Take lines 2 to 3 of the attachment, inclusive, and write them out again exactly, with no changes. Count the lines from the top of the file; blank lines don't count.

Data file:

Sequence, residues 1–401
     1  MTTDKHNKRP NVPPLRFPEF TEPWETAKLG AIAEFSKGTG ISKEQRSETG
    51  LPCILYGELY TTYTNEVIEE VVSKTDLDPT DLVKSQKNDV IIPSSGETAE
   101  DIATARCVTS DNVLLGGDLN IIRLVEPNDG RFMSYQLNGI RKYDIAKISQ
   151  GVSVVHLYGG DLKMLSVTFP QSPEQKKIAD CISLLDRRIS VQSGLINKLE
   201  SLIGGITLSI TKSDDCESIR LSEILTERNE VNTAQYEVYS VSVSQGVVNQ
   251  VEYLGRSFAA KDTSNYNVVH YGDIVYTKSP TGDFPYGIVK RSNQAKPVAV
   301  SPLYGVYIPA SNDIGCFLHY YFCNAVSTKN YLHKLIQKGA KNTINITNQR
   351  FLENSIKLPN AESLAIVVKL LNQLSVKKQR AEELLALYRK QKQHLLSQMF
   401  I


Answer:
     1  MTTDKHNKRP NVPPLRFPEF TEPWETAKLG AIAEFSKGTG ISKEQRSETG
    51  LPCILYGELY TTYTNEVIEE VVSKTDLDPT DLVKSQKNDV IIPSSGETAE